Touching the status icons top of the screen opens a set of large thumbable graphical buttons that give you quick access to the connectivity manager, the battery status detailed info and the system volume control. Of course toggling volume levels by pressing the volume rocker on the left but it doesn't hurt to have it here too.
Samsung have also preloaded the device with a nice and thumbable TaskSwitcher that obviously allows you to switch among applications and end some or all of them should you need so.
If we've got you interested, here's a short video demo of the TouchWiz UI running on top of WinMo 6.5 on our test Omnia II:
The Samsung i8000 Omnia II has another novel software feature, which is also a key element of the external design of the handset - it's the Cube that has inspired the big 3D key below the display.
What is it with phone manufacturers and cubes? They seem to think this is the pinnacle of UI design on touchscreens and Samsung have unsurprisingly jumped on the bandwagon. Back in the day, the cube interface of the HTC Touch received pretty positive reviews (ours included) and they've been the fad ever since.
Unlike the original HTC cube however, the one on the i8000 Omnia II is mostly in charge of the multimedia features on the handset.
The Samsung 3D Media gate is an intuitive six-sided cube UI that you flick on screen for quick and easy access to six key features, such as Main menu, Camera, Photo album, Music player, Video player, Games or web browser.
The Cube rolls smoothly and usability is on a very good level indeed, reminding us of the responsiveness of the LG S-class user interface. But if you are not into flipping cubes, all the shortcuts to the content you're looking for are available as small icons at the bottom of the screen.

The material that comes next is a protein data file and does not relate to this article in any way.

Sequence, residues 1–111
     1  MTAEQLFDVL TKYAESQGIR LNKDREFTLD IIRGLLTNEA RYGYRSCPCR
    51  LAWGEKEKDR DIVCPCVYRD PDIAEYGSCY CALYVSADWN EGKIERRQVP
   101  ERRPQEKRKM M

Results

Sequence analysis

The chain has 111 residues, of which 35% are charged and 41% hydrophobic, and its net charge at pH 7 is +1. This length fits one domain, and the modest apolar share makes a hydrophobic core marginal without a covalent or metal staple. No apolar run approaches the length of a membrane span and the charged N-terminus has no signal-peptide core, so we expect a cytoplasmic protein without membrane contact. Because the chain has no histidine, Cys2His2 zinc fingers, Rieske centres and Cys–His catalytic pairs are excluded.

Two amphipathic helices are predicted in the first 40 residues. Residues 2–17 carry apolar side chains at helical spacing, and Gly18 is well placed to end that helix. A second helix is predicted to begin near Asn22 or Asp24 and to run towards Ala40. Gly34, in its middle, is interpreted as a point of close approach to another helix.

The music and video player have been nicely revamped. The browser button displays your bookmarks in an innovative "card-flipping" manner and starts the default web browser (whichever that is) once you have made a selection.
The Favorite Contacts app allows you to place shortcuts to all your favorite numbers and make them easier and quicker to dial. To be honest though, launching the cube, flipping it to the favorite contacts side and touching a contact doesn't seem all that quick way to dial to us.
Strangely enough the motion-conrolled multimedia UI Motion Gate isn't present on the Omnia II. It was present on our pre-release unit and it was present with the 3D Media gate on every device we've seen with it so far. We guess it came time for them to part ways.
Bear in mind though that the actions of the Cube key and the back button are programmable so you can set them to activate any application or even scroll one way or the other instead of their intended purpose. You get two actions per key - one activated by a short press and the other triggered by a press-and-hold.
You can also choose whether the lock key should be the only one used to turn on the phone's display. The alternative option is to use any of the hardware keys for the purpose.